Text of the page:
Dr. Erica Irish

Low sides on the litter box mean your cat can accidentally fling litter and excrement out of the box. However, with kitten litter box training, lower sides allow them to get in and out with little trouble. Lower sides will also be helpful if you have a senior cat suffering from arthritis.

2. Finding the right kind of litter

Your litter choice can impact your cat’s health, which is why it’s so critical to get it right from the start of your litter training experience. Generally speaking, it’s best to avoid options with chemicals and toxins.

Common litter options include:

  • Clay litter
  • Clumping litter
  • Pellet litter
  • Wood flake litter
  • Crystal litter

If you’re not sure which litter to choose, consider asking your veterinarian to weigh in. They can also advise on any allergy risks for your pet based on their specific profile of needs. 3.

3. Set up multiple potty spots

Just like a young child, your cat might not know they need to go until they’re about to “go.” To avoid messes, have multiple potty spots around the house; averaging at least one potty spot on every floor of your house. After you make that count, it’s best to throw in an extra one, especially if you have multiple cats. Doing this step pre-emptively can limit territorial behavior later on.

4. Kitten introduction

Once you have your litter boxes and cat litter picked out and placed around the house, it’s time to get your kitten acquainted with them. Show them where they are and let them get familiar with it, and then you can start by gently placing your kitten in the litter. They might begin instinctually pawing at or using the litter; you can inspire them to do this by running your fingers through it if they don’t.

Your kitten may not always use the litter at the first introduction, but practice makes perfect. In addition to showing them the box and how to use it, you can place your kitten in the box after they eat, drink, or wake up from naps to inspire them.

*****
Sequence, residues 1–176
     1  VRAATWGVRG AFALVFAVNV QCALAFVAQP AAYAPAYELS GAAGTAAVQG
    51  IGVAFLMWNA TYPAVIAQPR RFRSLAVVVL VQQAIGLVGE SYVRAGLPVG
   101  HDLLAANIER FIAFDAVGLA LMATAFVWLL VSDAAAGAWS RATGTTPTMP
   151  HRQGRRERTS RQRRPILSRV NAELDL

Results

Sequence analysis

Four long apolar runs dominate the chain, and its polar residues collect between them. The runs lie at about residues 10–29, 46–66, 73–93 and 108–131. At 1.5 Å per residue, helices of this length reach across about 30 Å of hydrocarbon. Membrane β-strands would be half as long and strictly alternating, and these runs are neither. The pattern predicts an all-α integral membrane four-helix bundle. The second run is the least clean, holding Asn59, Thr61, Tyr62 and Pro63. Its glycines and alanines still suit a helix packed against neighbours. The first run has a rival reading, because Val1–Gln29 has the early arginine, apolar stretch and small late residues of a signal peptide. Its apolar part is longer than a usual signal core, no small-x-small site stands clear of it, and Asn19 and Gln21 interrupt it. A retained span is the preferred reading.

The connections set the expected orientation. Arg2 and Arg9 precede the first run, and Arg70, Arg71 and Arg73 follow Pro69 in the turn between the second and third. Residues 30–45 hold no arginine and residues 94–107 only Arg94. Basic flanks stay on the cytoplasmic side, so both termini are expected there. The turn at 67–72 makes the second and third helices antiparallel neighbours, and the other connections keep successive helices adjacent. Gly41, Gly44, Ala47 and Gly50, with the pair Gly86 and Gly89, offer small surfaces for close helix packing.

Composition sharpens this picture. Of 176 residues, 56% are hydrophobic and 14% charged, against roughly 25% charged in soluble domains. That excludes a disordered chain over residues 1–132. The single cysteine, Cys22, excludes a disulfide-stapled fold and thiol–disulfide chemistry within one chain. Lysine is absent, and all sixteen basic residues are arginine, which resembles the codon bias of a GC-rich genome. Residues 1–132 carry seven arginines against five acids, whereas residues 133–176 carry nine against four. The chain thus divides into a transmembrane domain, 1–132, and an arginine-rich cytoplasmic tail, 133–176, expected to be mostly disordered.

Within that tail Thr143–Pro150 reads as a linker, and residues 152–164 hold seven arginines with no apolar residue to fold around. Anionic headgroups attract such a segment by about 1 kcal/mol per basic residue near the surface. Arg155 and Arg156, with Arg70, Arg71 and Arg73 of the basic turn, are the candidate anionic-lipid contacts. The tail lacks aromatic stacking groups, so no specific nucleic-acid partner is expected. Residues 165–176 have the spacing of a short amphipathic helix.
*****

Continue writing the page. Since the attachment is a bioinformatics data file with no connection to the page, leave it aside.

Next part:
If they try to go anywhere outside the box, gently redirect them to the box to try to get them to go. You can try to keep them in the area for five to ten minutes, seeing if the mood strikes after these key points in their day.

5. Reinforcing good habits (and ignoring mistakes)

It is important to establish a positive association with the litter box and going to the bathroom. One effective way to do this is by rewarding your cat with their favorite treat as soon as they finish using the litterbox. This positive reinforcement will help them to associate using the litter box with getting a reward. They will want to replicate this success to get more treats.

Even when your kitten or older cat has an accident or misses the litter box, keeping a positive attitude is important. Punishing your cat or pushing their face into the mess creates more issues. This can traumatize kittens and adult cats, causing them to hide their waste or become fearful of you as the owner or going potty at all. Simply clean up the mess and reinforce that they use the litter box on the next try.

As you train, try to remain aware of your emotional state. Your cats can pick up on your emotional cues, which can directly impact their ability to emotionally regulate .

👉 Accidents do happen — and when they do, they should be cleaned with a pet-safe enzyme cleaner to erase the “scent”. Using this type of cleaner helps to prevent future accidents.

🚨 When cats of any age don’t go to the bathroom regularly, this can lead to problems like UTIs and diarrhea. Have them seen by the vet right away.